Cement Dinosaurs

I have been occasionally coming to London since childhood but I have only just discovered, thanks to my niece who moved to the area, a weird and wonderful exhibit I had never even heard of before: the Crystal Palace Dinosaurs.

These are Victorian cement statues representing extinct animals, which reside in the Crystal Palace Park. The sculptures are, due to the incomplete information available at the time, wildly inaccurate, which lends them an aura of fantasy and a sort of steampunk aesthetic, reinforced by natural erosion which has given them a crumbling patina.

The sculptures represent the first ever attempt anywhere in the world to model, from fossil remains, extinct animals as full-scale, three-dimensional, active creatures. Of the 30+ statues, only four represent dinosaurs in the strict, zoological sense of the word ( two Iguanodon, a Hylaeosaurus and a Megalosaurus). The statues also include plesiosaurs and icthyosaurs discovered by Mary Anning in Lyme Regis, as well as pterodactyls, crocodilians, amphibians and mammals, such as a South American Megatherium (giant ground sloth) brought back to Britain by Charles Darwin on his voyage on HMS Beagle. And Irish Elk, which at the start bore actual fossil antlers.

This section of the park was landscaped by Joseph Paxton in 1853-1855 and the sculptures remained largely in the places we find them today. They were designed by Benjamin Waterhouse Hawkins, a natural history illustrator and sculptor of international reputation, whose work combined the pursuit of technical accuracy and animate expression.

Experts in the 1850s had different interpretations of what the animals really looked like. The story of these evolving interpretations demonstrates how scientific ideas evolve when new evidence comes to light. For example, some of the sculptures have four legs, whereas later fossil discoveries suggest these animals were bipeds.

The statues were commissioned in 1852 to adorn the Crystal Palace spectacular glasshouse after it was moved from Hyde Park at the end of the Great Exhibition. They were unveiled in 1854 when the park opened as a commercial amusement.

Queen Victoria and Prince Albert were fascinated by the dinosaur display in Crystal Palace, and they visited the site several times.

Hawkins set up a workshop on site at the park and built the models there. The dinosaurs were built full-size in clay, from which a mould was taken allowing cement sections to be cast. The larger sculptures are hollow with a brickwork interior.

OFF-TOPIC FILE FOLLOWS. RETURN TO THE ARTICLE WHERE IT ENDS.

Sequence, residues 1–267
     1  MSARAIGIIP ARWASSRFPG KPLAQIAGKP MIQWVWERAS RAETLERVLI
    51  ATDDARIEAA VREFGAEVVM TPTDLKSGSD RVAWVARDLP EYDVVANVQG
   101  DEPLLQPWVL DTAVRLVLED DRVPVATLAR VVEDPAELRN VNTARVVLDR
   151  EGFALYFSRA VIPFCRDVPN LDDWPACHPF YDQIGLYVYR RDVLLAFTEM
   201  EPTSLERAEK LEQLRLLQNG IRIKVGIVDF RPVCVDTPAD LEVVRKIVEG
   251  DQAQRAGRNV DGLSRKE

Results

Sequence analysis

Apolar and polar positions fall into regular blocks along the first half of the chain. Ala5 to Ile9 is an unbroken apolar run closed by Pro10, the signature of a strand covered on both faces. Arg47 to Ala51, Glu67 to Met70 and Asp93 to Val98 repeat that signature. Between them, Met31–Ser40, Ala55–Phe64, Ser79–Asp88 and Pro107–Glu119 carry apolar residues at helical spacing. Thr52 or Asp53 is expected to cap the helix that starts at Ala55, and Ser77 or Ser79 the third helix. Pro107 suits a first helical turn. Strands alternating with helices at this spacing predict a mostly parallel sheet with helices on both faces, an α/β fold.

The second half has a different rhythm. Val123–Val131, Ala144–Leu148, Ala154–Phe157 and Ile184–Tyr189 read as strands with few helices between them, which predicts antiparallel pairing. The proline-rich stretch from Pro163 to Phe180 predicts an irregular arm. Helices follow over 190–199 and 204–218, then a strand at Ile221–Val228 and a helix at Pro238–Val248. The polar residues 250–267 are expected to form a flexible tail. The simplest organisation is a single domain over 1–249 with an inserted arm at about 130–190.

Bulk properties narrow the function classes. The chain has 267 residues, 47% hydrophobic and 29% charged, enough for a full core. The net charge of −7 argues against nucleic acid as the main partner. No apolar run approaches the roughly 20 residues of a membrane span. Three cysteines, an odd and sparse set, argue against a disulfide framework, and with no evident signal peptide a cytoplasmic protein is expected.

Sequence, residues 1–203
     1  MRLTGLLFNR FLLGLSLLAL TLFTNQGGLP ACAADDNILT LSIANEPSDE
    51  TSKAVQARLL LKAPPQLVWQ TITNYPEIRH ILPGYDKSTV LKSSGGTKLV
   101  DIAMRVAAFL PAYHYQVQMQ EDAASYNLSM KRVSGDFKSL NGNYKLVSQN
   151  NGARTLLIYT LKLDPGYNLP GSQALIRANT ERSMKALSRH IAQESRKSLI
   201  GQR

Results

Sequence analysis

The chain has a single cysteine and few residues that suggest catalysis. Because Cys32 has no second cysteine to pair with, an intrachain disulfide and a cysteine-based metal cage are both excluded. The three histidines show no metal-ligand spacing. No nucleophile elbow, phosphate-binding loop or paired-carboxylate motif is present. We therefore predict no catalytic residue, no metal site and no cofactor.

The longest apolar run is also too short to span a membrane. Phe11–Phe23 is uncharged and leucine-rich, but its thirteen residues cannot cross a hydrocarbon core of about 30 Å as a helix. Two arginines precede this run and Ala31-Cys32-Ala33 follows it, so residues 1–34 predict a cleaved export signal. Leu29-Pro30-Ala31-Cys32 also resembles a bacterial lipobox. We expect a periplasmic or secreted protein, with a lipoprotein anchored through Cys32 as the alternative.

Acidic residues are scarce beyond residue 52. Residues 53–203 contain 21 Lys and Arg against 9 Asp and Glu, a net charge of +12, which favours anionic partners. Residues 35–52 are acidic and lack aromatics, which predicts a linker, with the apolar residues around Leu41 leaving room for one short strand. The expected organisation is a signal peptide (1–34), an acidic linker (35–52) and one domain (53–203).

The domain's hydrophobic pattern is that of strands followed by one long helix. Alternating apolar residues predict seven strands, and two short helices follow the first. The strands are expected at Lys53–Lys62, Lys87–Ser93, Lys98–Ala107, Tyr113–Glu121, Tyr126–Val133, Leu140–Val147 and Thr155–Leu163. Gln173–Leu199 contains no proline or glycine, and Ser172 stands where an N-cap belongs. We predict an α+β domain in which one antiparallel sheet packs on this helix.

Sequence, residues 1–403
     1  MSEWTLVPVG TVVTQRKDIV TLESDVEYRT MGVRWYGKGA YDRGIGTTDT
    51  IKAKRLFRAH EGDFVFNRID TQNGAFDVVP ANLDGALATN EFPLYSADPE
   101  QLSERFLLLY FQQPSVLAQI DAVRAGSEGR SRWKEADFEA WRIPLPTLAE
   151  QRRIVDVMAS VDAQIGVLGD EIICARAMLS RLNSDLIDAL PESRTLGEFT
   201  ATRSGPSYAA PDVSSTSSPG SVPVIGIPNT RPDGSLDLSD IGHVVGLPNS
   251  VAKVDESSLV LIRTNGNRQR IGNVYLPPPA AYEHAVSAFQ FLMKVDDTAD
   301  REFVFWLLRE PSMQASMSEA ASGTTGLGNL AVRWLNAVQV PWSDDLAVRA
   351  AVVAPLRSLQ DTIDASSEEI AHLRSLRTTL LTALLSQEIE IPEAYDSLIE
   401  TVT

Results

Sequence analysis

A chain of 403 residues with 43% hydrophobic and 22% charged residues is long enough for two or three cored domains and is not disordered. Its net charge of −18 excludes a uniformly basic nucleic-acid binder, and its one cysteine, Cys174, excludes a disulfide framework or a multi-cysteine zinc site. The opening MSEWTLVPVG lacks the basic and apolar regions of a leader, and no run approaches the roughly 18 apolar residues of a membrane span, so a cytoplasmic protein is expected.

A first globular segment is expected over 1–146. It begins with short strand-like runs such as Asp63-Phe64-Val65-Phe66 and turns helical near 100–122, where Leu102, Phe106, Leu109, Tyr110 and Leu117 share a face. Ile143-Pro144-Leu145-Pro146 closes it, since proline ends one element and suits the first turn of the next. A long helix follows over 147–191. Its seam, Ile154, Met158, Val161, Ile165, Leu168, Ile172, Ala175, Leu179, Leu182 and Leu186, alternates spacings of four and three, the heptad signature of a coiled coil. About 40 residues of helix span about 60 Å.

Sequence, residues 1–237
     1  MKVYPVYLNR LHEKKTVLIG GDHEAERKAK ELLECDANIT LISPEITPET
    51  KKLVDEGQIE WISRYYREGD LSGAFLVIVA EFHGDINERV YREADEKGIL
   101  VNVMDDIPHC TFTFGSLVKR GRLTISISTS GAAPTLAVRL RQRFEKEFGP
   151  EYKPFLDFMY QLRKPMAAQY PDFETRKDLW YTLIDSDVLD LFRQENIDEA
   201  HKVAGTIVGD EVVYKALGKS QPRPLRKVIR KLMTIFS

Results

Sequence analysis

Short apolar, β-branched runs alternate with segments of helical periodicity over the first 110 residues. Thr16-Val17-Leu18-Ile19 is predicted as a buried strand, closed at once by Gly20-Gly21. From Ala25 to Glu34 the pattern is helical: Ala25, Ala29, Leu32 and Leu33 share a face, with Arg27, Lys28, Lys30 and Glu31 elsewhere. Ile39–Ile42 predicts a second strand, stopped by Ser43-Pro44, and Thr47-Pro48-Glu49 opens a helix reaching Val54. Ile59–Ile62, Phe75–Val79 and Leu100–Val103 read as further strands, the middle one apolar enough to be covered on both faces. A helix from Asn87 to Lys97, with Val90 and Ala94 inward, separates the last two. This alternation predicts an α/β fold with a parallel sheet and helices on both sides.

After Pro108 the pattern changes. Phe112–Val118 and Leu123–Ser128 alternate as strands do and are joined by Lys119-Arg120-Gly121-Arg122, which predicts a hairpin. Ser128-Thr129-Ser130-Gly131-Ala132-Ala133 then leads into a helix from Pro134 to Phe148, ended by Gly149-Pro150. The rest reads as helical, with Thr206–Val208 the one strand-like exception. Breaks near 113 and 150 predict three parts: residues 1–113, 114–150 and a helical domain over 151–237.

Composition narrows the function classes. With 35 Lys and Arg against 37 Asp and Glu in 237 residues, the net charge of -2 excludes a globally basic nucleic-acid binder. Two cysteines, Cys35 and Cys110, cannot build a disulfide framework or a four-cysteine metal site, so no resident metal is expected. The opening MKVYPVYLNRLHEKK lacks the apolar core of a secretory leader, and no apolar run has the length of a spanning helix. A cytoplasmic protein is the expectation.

The models were displayed on and around three islands, and given more realism by making the water level in the lake rise and fall, revealing different amounts of the animals. To mark the launch of the statues, Hawkins held a dinner on New Year’s Eve 1853 inside the mould of one of the Iguanodon models.

Engraving of the dinner. Must have been fascinating!

The statues are now Grade I listed and funding is being obtained to restore them before they crumble away completely. I only hope this is done sensibly, because their decrepitude adds to their charm. Some of the restoration done so far on a few makes them look a little fake.

I urge anyone within reach to visit—very original and definitely worth it.

Faith Ringgold at the Musée Picasso

What could be the connection between Pablo Picasso and Faith Ringgold, a major figure in American feminist art?

The flag is bleeding

Faith Ringold was born in 1930 and raised in a middle-class home in Harlem. Her mother, the fashion designer Madame Willi Posey, taught her needlework and took her on the first of her museum-haunting trips to Europe. Picasso was her first and main inspiration. Through her rereadings of modern art history, she engaged in a genuine, critical and humorous dialogue with the Parisian art scene of the early 20th century, particularly with Picasso and his “Demoiselles d’Avignon“.

Picasso’s Studio

Ringgold is especially known for her paintings and mosaics, her sculptures and quilted pieces. She is also the author of some lovely works in children’s literature. In her work, the artist shows the difficulties and unfairness impacting the most underprivileged classes and the Black communities in the United States, and showcases her support for the civil rights movement.

Photo: Google

Ringgold studied at the City College of New York from 1948 to 1955. As the fine arts program was closed to women, she enrolled in art education. But this did not prevent her from learning the principles of her art from the painter Robert Gwathmey, known for his refusal to tolerate racist prejudices. Educated and passionate, she was interested in European artists and especially the Parisian art scene from the early 20th century, the golden age for artists from all around the world who gathered in the City of Lights